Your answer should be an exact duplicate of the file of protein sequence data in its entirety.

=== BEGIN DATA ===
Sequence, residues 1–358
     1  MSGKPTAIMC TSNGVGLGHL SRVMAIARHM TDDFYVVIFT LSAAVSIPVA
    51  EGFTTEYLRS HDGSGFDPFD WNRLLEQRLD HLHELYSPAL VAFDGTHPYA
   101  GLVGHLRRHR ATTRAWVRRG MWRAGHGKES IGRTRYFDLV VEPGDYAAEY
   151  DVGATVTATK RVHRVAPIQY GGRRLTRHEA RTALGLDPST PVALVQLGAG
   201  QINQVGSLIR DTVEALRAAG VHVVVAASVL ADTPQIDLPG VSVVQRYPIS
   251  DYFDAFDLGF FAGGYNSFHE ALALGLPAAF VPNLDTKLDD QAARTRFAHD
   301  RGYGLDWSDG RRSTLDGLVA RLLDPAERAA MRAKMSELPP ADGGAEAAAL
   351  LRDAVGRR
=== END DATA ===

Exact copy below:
Sequence, residues 1–358
     1  MSGKPTAIMC TSNGVGLGHL SRVMAIARHM TDDFYVVIFT LSAAVSIPVA
    51  EGFTTEYLRS HDGSGFDPFD WNRLLEQRLD HLHELYSPAL VAFDGTHPYA
   101  GLVGHLRRHR ATTRAWVRRG MWRAGHGKES IGRTRYFDLV VEPGDYAAEY
   151  DVGATVTATK RVHRVAPIQY GGRRLTRHEA RTALGLDPST PVALVQLGAG
   201  QINQVGSLIR DTVEALRAAG VHVVVAASVL ADTPQIDLPG VSVVQRYPIS
   251  DYFDAFDLGF FAGGYNSFHE ALALGLPAAF VPNLDTKLDD QAARTRFAHD
   301  RGYGLDWSDG RRSTLDGLVA RLLDPAERAA MRAKMSELPP ADGGAEAAAL
   351  LRDAVGRR